The Cutting Edge is the 12th volume in the Bob Dylan Bootleg Series that’s been digging through his archives since 1991 to present unreleased performances, demos and alternate takes. The Cutting Edge tackles his recorded output in 1965-66, covering the albums “Bringing It All Back Home”, “Highway 61 Revisited” and “Blonde on Blonde”.
The collection is available in three formats: The two-disc “best of” version focuses on the most interesting takes of most of the songs from that period, including a quirky attempt to play “Like a Rolling Stone” in a waltz-like 3/4 time signature (it works!), and a version of “Subterranean Homesick Blues” with a full band where Dylan messes up the lyrics big time. You know, it kind of makes me feel better about my 25 year-long inability to memorize those words…
But this isn’t a replacement for a proper Greatest Hits if you’re just a casual Dylan fan. While you’d probably appreciate the rousing version of “Mr. Tambourine Man” that’s included, you’d likely be frustrated by the fact that the band doesn’t make it through to the end of the song. It’s probably safe to say that your enjoyment of this release is also proportional to your familiarity with the released albums, so you can appreciate all the nuances and differences as Dylan builds these classic songs.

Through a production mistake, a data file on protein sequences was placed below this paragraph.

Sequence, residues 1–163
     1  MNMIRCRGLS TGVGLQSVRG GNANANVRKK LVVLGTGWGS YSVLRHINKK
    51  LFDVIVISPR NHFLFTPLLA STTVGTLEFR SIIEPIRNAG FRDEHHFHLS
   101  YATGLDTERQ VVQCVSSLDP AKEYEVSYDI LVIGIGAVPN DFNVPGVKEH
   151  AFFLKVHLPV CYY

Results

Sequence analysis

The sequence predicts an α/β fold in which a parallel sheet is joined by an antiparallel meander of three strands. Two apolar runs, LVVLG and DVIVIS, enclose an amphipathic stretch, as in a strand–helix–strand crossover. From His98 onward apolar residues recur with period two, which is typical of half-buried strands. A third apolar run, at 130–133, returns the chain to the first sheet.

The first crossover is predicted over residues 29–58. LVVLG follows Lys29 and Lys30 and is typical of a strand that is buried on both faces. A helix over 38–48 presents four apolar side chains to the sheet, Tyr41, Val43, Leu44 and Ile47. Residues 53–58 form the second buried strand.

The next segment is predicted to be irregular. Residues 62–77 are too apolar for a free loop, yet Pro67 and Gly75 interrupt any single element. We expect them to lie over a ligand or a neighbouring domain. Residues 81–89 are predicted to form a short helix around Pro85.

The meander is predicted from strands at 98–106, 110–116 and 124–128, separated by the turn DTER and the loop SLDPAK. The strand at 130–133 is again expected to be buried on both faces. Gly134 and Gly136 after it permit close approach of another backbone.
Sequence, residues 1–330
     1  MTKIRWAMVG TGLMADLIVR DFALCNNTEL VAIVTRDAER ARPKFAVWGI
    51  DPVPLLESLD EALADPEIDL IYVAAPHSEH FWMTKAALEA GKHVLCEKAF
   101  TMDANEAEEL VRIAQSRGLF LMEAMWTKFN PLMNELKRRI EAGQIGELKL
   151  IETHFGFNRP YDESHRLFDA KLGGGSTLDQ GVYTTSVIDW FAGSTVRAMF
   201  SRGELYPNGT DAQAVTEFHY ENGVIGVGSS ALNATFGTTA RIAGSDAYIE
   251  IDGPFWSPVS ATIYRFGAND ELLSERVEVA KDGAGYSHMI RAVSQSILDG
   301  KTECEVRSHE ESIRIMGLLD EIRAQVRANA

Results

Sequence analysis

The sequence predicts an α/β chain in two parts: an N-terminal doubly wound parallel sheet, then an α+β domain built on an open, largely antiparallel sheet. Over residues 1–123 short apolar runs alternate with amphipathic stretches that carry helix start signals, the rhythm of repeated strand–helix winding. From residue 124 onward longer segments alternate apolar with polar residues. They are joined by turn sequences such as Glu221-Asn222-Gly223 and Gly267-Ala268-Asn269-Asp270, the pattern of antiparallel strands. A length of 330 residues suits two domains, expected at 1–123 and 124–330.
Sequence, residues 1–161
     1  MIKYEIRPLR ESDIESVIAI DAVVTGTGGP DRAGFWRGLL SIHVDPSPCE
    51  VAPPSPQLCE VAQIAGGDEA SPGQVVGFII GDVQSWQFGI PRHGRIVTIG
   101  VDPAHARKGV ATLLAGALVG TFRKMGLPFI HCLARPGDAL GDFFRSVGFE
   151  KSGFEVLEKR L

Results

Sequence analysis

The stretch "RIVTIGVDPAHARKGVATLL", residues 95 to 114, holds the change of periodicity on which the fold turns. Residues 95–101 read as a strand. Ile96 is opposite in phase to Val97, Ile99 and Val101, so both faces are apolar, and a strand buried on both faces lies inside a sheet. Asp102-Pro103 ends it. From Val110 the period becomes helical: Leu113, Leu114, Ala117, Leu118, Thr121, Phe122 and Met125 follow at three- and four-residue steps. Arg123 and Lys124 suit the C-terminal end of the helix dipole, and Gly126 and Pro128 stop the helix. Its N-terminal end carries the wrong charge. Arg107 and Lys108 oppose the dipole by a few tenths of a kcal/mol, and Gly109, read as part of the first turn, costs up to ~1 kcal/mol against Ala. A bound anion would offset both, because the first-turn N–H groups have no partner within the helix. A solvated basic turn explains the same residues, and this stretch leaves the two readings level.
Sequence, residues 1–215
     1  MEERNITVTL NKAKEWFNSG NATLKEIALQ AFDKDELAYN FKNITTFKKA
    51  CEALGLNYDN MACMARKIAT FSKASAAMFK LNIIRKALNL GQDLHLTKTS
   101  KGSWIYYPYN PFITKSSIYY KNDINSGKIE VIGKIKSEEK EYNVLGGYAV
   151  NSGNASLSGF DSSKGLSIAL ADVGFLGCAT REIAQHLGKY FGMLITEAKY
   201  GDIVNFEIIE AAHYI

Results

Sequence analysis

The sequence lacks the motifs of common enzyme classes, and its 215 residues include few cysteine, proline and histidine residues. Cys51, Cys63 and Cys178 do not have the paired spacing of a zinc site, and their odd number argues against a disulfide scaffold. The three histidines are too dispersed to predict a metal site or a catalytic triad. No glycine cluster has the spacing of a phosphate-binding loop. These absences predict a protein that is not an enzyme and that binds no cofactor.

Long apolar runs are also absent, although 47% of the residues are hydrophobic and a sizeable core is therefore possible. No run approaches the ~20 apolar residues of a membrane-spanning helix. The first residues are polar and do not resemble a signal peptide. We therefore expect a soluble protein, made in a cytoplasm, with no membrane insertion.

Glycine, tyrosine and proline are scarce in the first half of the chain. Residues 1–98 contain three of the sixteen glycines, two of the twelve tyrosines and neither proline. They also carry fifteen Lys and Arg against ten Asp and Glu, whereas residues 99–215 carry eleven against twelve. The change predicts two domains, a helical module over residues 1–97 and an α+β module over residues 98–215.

In truth, this set is for musicologist and rabid Dylan fans. For those, this set is a window into the mind of a highly prolific and iconic songwriter and they’ll probably gravitate towards the six-disc edition that presents even more alternate material (there’s even a whole CD devoted to the creation of “Like a Rolling Stone”!)
And if that’s not enough, there is a deluxe 18 (!) disc edition that contains every note Dylan recorded during these two years. This package is limited to 5000 copies and can only be purchased from the Bob Dylan website. You’ll have every single false start, alternate take and aborted attempts, a rare opportunity to study the creative process of one of the greatest pop songwriters of this century.
Any Dylan fan would surely be happy to find this under the tree come December 25th; it’s a one of a kind look into the art of making records in an era where you couldn’t really cheat. An excellent entry into this series.